- Volar approach can lead to increased prevalence of later scapho-trapezial degenerative joint disease, though usually asymptomatic


- Define the pathology with imaging (CT or MRI)

- Is there a Scaphoid Non-Union Advanced Collapse (SNAC)?


- Historically the Inlay (Russe) bone graft was indicated if there was no adjacent carpal collapse or humpback (flexion) deformity of the scaphoid (92% union rate). Otherwise, the Interposition (Fisk) graft was designed to restore scaphoid length and angulation when there was adjacent collapse or a humpback deformity of the scaphoid (72-95% union rates).

The modern approach uses a corticocancellous wedge graft from the iliac crest and a compression screw

- The wrist is extended and the two fracture fragments are gently distracted with spreaders

- The fracture surfaces are prepared with an osteotome or curette.

- The size of the graft can be calculated on the preoperative CT scan

- The graft is taken from the iliac crest with an osteotome (not an oscillating saw to avoid thermal necrosis of the graft)

- The graft is inserted on the palmar surface and the compression screw inserted, avoiding rotation of the graft with a supplementary K-wire

- Punctate bleeding at the proximal pole fracture site is the most reliable sign for a vascular proximal pole. If bleeding is obvious, the union rate is 92%, but if there is no bleeding the rate is 0%.

- Vascularised bone graft from the radius is harvested from the dorsal aspect of the distal radius, based on the 1,2 intercompartmental supraretinacular artery. Can be used when treating non-union in the face of AVN or revisions.

- A wrist denervation is a useful adjunct to treatment

- A limited radial styloidectomy can be added to the reconstruction if secondary radiocarpal OA has ocurred.

- Salvage procedures for advanved non union with collapse (SNAC) include a four corner fusion, proximal row carpectomy and wrist arthrodesis

5. Clinical picture of finger tip injury.

How will you manage this patient?

Discuss the options for soft tissue flaps.

The principle is to provide a sensate, well healed tip, and to preserve length (allowing bony support for the nail).

Can be divided into:

1) Soft tissue loss without bone exposure:

- Fingertip lacerations or avulsions of the substance smaller than 1 cm² will heal by second intention, especially good in children. Some argue that wound contraction will lead to a hook nail deformity, but tight primary closure wound closure (drawing the nail bed over the tip) will lead to the same outcome and must be avoided.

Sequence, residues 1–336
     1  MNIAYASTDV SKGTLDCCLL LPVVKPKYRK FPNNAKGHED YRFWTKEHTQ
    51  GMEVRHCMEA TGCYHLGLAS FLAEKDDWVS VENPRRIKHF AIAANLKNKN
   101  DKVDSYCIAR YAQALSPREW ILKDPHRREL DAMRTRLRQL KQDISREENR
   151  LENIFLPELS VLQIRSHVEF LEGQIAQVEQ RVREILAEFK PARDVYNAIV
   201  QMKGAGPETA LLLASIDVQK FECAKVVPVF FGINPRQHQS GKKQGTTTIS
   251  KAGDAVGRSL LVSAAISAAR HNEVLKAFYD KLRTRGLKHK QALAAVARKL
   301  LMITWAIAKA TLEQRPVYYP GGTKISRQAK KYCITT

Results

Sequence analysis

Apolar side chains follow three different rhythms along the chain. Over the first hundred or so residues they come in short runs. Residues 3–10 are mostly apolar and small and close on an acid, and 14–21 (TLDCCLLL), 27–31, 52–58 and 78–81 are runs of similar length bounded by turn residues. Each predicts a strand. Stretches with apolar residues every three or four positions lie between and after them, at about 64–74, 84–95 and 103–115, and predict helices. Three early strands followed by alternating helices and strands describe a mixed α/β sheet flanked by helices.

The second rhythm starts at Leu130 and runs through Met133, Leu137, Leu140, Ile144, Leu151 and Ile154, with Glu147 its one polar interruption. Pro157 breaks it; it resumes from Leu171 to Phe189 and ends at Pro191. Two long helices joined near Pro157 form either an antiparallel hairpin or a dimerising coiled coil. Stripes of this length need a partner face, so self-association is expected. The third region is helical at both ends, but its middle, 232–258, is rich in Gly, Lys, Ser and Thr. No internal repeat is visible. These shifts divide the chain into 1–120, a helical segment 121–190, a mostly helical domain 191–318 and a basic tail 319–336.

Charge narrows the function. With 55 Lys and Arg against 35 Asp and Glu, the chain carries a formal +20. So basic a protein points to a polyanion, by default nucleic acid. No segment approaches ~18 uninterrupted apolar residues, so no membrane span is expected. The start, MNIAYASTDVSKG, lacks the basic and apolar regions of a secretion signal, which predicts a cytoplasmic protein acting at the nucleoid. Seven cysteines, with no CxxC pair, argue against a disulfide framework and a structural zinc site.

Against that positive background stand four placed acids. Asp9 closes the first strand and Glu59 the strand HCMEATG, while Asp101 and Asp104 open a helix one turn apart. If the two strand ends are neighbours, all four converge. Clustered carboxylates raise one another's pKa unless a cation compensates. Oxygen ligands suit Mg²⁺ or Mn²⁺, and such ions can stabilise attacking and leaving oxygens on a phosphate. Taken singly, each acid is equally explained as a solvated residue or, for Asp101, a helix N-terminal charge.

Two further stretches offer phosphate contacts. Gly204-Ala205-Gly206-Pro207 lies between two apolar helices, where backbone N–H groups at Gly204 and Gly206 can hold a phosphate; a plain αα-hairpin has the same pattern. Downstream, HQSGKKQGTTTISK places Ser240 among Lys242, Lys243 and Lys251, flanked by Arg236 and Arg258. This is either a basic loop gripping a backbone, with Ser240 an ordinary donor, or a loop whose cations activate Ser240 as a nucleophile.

- For wounds extending for more than 1 cm², a local flap may be needed to cover the defect

2) Soft tissue loss with bone exposure:

- Exposed bone is not a satisfactory bed for healing. Even if they heal, skin at the tip is poor quality and easily broken down, leading to a chronic ulcer.

- If bone is exposed, the prominence must be shortened with excision back to rounded edges and primary, tension free, soft tissue closure performed. Bear in mind the need for bony support of the nail bed.

- If excessive bony debridement is required to achieve closure, soft tissue coverage is indicated.

Soft Tissue Coverage Choices:

Local flap coverage:

- Advancement flap from the same finger has the advantages of rapid healing, maintenance of sensation and limited morbidity.

- The aim is to free the skin from the septae anchoring it to bone, whilst retaining the nerves and vessels, allowing a tension free advancement.

1) Options for straight or more dorsal tissue loss:

- Volar V-Y advancement (Atasoy)

- Double lateral V-Y advancement flap (Kutler)

2) Options for more volar tissue loss:

- Cross finger flap, but scars the adjacent finger

- A rectangular flap is raised from the three sides of the dorsal surface of the middle phalanx of the adjacent digit.

- The flap is normally based on the lateral side of the adjacent digit and swung on its pedicle and sutured in place.

- The flap is divided within two weeks to avoid stiffness of the fingers.

- Thenar flaps can be considered, are well tolerated in children, but can lead to PIP joint stiffness in adults.

3) There are more complex advancement flaps but these should be performed by experienced surgeons


- Indicated for a severely crushed distal phalanx

- The level is through the DIPJ, trimming the condyles of the middle phalanx

- Aim to preserve the FDS and achieve tension free primary closure

- Digital nerves are transected as proximally as possible

- A volar skin flap is created and the wound is closed dorsally

6. Plain radiographs of Madelung deformity of the distal radius.

What is the diagnosis, and how does the condition arise?